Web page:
Setting Up Security Groups And Access To Your HRIS, HRMS Or HR Software
I am not an IT person so I canít speak intelligently about how hosted, SQL or other database applications HRIS, HRMS or HR Software applications rank on a security scale. What I want to address with this article is a few important tips on setting up security groups or SQL roles for your HR Software application.
It could be easily argued that the data contained in your HR application should be the most guarded information in your organization. Social Security numbers are obvious but equally important data to protect includes payroll data, performance history, medical history, and EEO related data. As I mention above, I am not going to address protecting this information from an IT perspective. There is simply too much liability for me to make any statements or recommendations for something on which I am not qualified to offer advice. Make sure to involve your IT staff in your HR application selection process to make sure their security concerns are addressed.
HR applications can benefit many people in your organization. You may permit training managers, risk managers, HR assistants, payroll administrators, IT and others to have limited access to your HR application. HR applications provide the ability of allowing you to setup security groups or SQL roles. Basically, you set up an access group and then add individual employees who will have the same access to that same group.
Before setting up security, it is a good idea to write out the names of those who will need access. Lump those together that will have similar access rights. Now, next to each one of these groups write out what they should and, perhaps more importantly, should not have access to in your HR application.
You are now ready for the first step for setting up security access. Letís say, for example, that you have four HR assistants who all have equal access rights. In this case, you are going to setup a security group called HR assistants and on a screen by screen, and in some cases field by field, level identify what they can change, view and not view. Once you have setup the security group or SQL role, the next step is to simply add this individual to that group and establish their user ID and password.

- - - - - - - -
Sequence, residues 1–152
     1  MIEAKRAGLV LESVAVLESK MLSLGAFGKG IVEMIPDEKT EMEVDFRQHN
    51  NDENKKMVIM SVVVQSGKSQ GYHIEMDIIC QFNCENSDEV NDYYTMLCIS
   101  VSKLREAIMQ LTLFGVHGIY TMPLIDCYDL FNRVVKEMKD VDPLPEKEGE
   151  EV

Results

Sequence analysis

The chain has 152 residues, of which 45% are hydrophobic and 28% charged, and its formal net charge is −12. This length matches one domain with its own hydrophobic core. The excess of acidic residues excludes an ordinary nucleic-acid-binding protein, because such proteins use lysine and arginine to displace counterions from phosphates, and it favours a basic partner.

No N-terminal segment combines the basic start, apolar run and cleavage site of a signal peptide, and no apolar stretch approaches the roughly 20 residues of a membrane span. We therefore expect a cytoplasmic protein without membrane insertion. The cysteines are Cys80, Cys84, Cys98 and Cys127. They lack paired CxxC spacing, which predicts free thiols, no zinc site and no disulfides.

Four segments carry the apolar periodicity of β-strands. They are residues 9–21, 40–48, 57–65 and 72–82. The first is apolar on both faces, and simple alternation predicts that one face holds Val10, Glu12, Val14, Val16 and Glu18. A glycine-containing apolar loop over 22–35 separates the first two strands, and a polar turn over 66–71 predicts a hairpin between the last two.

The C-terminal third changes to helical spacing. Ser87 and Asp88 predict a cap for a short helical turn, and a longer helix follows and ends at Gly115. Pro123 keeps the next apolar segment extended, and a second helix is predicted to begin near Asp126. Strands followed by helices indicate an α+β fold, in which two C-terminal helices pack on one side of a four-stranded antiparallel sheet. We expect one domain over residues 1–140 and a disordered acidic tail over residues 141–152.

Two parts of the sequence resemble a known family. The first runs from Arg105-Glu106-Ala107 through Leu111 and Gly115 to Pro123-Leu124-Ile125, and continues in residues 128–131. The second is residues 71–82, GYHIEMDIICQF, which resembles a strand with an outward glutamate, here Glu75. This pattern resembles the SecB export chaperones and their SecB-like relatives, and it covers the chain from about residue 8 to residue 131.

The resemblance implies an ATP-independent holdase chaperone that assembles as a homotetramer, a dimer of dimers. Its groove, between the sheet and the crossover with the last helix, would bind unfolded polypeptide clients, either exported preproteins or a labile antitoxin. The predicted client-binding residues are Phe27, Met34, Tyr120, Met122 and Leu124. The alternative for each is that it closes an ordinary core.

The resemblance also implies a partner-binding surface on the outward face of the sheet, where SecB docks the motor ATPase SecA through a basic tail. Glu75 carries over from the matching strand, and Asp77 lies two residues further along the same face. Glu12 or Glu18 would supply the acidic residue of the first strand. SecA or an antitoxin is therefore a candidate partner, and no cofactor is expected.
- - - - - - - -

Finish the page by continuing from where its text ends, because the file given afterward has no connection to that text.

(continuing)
Once you have established a security group, I highly recommend testing it before you add employees. Create a dummy employee and login using this new security group; move around the application and double check that this group of users does not have any access to critical data they donít need and that they have access to what they do need to perform their jobs.I take this one step further. If I have part time users on the system, I only provide them access to what they need. The fewer screens and information they have access to, the easier it is to train them on the application; and the less likely it is they will access an area they should not be able to or create problems within the system.
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ABOUT THE AUTHOR
Clay C. Scroggin has over fifteen years of experience in the human resource software industry. Clay is currently the President and owner of CompareHRIS.com, a web site dedicated to assisting HR professionals with their search, selection, implementation and use of HR software. CompareHRIS.com offers an extremely comprehensive HRIS selection tool to assist you with your HRIS, HRMS or HR software selection process. Make sure to download CompareHRIS.comís free HR and Payroll Software Buyerís Guide.